Uttrakhand Himalaya is endowed with rich bio-diversity and provides wide varieties of natural resources including the life sustaining water to the Indian sub-continent. In the recent times, the enormous hydroelectricity potential of Uttarakhand has made it
synonymous with the URJA-ANCHAL (Power State). Driving through various river
basins, one can witness that majority of the river valleys are riddled with hydropower
One such project is planned near Badrinath between Rarang Chatti and Kiro Gad
(Hanuman Chatti). According to the project report, the proposed barrage site would be ~3
km down stream of the Badrinath temple. Total catchment area of the river basin at the
barrage site would be 1010 km2 out of which around 660 km2 is snowy catchment. Water
from the barrage will be diverted through a 2875 m long and 4.3 m diameter head race
tunnel that will open near Kiro Gad where an underground power house is proposed.
Total cost of the project as on 2006 was 1456.65 crore rupees. Here it is worth
mentioning that the proposed barrage site of this project ~15 km upstream from the
Vishnuprayag project. Becasuse of the Vishnuprayag project the Alaknanda River
between Lambaggar and Govind Ghat has become a dry Nala (Fig.1).
There is no denial that the terrain lays in ecological fragile zone, particularly,
Khiro valley is known for its rare habitat of musk deer, Himalayan black bear, Himalayan
peacock (monal) and many rare floras. Considering the ecological sensitivity of the
terrain, concern has already been raised regarding the impact on flora and wildlife of
We have been traveling through this region which is dominated by the avalanche
debris and glacial deposits (Fig. 2). There is evidence to suggest that Alaknanda River
was dammed by the glacier deposits in the past. In fact there are spectacular lake deposits
right near the proposed barrage site at Rarang Chatti. In addition to this, Rishi Ganga that
originates from Nilkant is known to contribute exceptionally large amount of glacial
sediment that at times block the river.
According to a study published in current science showed that glacier descended
well below the Rarang Chatti (3000 m). These are loose deposits which readily eroded by
the Alaknanda River as a result entire stretch of the river bed between Hanuman Chatti
and Badrinath is covered with glacial boulders (Fig. 3).
Besides this, there are innumerable cirque glaciers on either side of the Alaknanda
River between Hanuman Chatti and Badrinath which contribute both snow and debris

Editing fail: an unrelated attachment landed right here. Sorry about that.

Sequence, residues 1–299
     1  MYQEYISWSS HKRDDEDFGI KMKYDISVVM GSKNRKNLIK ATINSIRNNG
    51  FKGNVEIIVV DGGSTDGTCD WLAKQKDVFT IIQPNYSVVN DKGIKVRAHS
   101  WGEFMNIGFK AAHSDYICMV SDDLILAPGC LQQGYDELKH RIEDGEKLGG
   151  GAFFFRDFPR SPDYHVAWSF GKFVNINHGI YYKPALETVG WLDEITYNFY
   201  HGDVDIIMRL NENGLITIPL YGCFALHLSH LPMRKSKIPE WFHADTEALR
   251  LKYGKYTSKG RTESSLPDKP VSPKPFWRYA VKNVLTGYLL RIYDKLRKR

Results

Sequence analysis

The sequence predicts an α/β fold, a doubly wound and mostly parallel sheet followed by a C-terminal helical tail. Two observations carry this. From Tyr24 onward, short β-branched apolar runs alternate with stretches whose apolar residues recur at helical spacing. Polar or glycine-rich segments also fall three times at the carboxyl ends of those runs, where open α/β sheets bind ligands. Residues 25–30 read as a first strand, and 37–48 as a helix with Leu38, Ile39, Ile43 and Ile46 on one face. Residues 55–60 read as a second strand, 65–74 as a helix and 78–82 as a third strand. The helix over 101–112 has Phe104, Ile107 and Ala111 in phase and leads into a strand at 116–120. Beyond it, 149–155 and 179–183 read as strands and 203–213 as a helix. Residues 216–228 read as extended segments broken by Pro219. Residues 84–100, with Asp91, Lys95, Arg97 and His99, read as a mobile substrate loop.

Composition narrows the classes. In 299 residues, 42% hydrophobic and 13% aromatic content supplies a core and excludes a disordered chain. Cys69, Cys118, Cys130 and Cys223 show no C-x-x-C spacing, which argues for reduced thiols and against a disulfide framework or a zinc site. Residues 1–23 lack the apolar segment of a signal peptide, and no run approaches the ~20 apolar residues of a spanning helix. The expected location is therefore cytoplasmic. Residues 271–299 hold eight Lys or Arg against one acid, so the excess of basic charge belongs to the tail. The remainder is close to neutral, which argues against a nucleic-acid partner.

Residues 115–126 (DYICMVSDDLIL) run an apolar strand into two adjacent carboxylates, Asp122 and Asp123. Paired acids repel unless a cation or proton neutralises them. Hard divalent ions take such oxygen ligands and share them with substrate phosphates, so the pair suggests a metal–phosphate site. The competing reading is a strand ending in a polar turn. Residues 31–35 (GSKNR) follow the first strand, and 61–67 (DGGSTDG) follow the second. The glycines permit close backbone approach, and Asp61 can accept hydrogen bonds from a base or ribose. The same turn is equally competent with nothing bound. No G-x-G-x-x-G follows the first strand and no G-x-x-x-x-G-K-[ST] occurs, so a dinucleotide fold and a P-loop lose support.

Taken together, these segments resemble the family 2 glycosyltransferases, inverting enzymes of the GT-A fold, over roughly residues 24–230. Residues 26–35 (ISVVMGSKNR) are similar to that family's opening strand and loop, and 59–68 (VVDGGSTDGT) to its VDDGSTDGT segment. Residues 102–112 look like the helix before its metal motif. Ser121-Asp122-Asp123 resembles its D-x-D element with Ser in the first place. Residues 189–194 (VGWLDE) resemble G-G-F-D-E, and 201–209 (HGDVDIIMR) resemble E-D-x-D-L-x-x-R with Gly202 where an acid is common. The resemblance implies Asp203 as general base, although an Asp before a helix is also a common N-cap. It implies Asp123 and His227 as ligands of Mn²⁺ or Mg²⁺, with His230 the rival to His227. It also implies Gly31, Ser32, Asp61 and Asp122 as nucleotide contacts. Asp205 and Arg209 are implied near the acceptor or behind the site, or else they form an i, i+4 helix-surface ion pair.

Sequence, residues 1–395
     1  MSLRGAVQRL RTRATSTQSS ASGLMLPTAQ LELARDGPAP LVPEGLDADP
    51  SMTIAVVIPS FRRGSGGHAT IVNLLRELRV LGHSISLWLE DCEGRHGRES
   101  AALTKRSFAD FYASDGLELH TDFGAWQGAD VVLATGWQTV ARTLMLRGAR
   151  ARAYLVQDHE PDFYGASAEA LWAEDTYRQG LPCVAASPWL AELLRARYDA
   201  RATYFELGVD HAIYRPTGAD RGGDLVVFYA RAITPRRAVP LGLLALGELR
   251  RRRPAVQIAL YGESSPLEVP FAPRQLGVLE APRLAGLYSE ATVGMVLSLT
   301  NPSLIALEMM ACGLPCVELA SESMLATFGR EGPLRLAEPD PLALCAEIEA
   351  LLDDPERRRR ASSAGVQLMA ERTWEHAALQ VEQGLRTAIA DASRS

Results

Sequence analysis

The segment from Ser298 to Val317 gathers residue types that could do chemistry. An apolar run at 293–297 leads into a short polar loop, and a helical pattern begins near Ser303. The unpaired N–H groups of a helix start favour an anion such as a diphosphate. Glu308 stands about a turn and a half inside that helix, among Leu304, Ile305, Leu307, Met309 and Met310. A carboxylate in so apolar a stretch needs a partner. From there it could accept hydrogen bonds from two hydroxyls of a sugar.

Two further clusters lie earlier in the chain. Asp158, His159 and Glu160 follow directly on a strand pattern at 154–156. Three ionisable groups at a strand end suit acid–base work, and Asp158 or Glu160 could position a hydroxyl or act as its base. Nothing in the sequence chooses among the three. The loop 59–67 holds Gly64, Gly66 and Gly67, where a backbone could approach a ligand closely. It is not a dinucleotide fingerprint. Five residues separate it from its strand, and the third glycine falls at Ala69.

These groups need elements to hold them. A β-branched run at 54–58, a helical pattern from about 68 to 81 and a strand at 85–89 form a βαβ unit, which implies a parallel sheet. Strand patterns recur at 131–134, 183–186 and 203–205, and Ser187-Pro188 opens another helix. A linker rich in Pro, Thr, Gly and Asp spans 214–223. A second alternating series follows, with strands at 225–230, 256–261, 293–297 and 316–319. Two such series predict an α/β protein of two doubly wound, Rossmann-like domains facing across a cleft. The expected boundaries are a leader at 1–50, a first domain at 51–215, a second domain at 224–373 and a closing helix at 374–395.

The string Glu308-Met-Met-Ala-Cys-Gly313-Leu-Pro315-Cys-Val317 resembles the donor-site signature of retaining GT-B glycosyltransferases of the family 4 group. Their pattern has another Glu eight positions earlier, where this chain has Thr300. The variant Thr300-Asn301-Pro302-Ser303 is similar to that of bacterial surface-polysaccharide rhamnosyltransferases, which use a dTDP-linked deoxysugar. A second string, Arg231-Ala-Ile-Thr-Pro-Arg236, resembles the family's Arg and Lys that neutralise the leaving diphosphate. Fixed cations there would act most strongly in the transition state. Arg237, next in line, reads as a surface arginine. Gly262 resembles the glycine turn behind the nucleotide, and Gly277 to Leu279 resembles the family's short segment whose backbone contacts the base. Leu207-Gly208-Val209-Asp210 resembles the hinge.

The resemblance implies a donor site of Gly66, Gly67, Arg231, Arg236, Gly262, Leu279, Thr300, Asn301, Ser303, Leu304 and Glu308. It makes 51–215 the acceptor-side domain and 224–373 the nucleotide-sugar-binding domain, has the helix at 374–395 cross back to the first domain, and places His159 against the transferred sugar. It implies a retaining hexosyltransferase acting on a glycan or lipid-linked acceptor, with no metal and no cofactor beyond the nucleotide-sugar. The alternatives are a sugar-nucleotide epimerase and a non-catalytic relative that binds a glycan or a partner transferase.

into the river during the winter. Historical evidence suggests that the Alaknanda River
was temporarily blocked in the upstream by avalanches and moraines and the breaching
of blockades caused unprecedented damage around Badrinath. Most recent incident
occurred few years ago that wiped out a suspension bridge near Mana village along with
the deposition of thick pile of sediments.
Water is the main ingredient of the power project. Our experience with
Vishnuprayag project was that we failed to apprehend that there would significant
decrease in the water discharge during the winter as a result it would not be possible to
generate proposed power during winter months. In case of Badrinath project which more
close to the glacier, can we maintain 300 MW power generations during the lean seasons
It is mandatory to have Environmental Impact Asses done before the project is
approved. We are sure the EIA exercise must have been done for the Badrinath project as
well. What safeguards the EIA report suggested for the points raised above? Although
EIA is prepared by a team of dedicated scientists, but no body evaluates the scientific
capabilities of the scientist involved or engaged in EIA report preparation. They may
be good in their respective discipline but when comes to evaluating the impact of a power
project it requires an integrated approach with utmost sensitivity.
We have already paid the price of commercial forest exploitation in the region.
Thanks to the people whose efforts are now bringing back the lost natural resources in the
region. Watersheds which were badly inflicted by wounds caused by large-scale
commercial forest denudation are in the process of recovery. In such a situation, this new
venture of harnessing the river waters for generating electricity particularly in the
ecologically sensitive higher Himalayan region of Uttarakhand should not turn out to
become developmental disaster.
Translated from original Hindi